Click the below links to go to these stores to get your free app:

iPhone App at iTunes Store: http://goo.gl/dZnCS5


Android App at Google Play Storehttp://goo.gl/kbdUSQ



Calculator #1: Basic Flock Requirements

Enter the number of birds in your flock and the calculator provides the following:
  • Coop space required. (square feet)
  • Roosting space required. (inches)
  • Number of nest boxes required.
  • Average daily and annual feed required.
  • Average daily and annual water required.
  • Number of BriteTap waterer required for a flock of that size.
Calculator #2: Impact of Temperature on Feed & Water Consumption

The amount of feed and water consumed by your flock will vary depending on the temperature. To see this, enter the number of birds you have in your flock and the calculator provides daily feed and water requirements at five temperature categories:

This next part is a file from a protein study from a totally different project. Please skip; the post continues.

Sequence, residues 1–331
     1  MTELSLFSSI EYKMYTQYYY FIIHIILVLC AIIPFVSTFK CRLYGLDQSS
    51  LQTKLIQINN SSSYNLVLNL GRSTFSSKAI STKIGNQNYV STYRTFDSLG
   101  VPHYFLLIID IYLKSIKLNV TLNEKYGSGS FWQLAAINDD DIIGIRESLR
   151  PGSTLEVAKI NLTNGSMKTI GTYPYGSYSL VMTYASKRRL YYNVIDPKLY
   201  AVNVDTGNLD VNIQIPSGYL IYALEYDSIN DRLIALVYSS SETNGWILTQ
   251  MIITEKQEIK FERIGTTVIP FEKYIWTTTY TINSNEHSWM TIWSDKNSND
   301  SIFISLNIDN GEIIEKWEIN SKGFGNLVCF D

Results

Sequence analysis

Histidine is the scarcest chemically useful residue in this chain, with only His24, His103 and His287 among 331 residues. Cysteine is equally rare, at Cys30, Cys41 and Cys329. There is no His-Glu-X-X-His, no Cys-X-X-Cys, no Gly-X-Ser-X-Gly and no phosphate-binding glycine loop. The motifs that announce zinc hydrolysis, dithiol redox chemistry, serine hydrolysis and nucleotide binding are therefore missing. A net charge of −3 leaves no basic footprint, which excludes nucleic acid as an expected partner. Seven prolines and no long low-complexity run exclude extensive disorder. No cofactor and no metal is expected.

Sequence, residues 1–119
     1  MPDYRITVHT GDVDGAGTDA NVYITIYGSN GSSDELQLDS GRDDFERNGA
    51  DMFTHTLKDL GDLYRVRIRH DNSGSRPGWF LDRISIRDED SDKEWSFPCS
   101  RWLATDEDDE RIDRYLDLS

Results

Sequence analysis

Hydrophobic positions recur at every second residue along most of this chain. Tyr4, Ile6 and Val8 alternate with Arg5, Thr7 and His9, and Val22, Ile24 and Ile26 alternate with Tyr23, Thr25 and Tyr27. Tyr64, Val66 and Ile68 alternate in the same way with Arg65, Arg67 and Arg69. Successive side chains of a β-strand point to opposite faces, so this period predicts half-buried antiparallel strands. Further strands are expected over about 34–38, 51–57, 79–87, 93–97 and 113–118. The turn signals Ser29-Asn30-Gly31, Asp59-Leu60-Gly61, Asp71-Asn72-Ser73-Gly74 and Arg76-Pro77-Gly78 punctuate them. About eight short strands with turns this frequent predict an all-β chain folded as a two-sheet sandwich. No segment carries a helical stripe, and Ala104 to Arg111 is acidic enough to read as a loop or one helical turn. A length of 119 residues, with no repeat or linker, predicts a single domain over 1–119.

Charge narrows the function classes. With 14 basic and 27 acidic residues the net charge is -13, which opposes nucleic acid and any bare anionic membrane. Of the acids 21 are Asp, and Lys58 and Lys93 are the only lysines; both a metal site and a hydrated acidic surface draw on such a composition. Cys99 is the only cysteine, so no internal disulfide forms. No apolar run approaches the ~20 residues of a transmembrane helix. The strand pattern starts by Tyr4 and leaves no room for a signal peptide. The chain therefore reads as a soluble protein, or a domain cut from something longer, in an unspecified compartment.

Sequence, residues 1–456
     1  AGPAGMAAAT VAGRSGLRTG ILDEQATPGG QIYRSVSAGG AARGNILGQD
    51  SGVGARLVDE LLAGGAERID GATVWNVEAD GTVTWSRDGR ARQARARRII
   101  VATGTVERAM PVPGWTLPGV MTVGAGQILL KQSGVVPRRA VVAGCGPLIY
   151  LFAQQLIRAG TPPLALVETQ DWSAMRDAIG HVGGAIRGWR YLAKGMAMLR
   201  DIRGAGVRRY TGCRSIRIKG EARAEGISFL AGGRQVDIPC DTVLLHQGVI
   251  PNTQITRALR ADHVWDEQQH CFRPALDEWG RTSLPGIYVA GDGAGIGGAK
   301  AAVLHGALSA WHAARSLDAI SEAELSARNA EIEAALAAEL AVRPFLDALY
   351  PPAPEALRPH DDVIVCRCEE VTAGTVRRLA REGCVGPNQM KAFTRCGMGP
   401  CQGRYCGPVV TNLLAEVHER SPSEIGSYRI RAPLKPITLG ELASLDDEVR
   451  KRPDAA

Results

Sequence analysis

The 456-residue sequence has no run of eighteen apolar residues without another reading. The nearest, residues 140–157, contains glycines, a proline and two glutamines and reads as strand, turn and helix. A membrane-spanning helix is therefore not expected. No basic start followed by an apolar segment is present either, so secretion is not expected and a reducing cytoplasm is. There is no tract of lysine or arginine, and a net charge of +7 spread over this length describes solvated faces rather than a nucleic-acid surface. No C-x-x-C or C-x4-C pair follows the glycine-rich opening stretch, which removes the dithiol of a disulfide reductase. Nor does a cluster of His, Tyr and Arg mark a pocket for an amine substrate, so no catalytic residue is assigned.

• Cold (25° F)
  • Cool (45° F)
  • Mild (72° F)
  • Warm (85° F)
  • Hot (95° F)
Calculator #3: Egg Production Estimate

Chicken are most productive during their first year of laying, but will produce eggs for many years past this peak period. To estimate the number of eggs you'll collect, enter the breed of chicken and it's approximate age.  The calculator will estimate:
  • Number of eggs you will collect this year.
  • Number of eggs you will collect next year
  • Number of eggs you will collect in five years.
  • Number of eggs during the birds peak egg laying year.
  • Current egg laying as a percentage of peak egg laying.
  • Total estimate for eggs produced by the flock.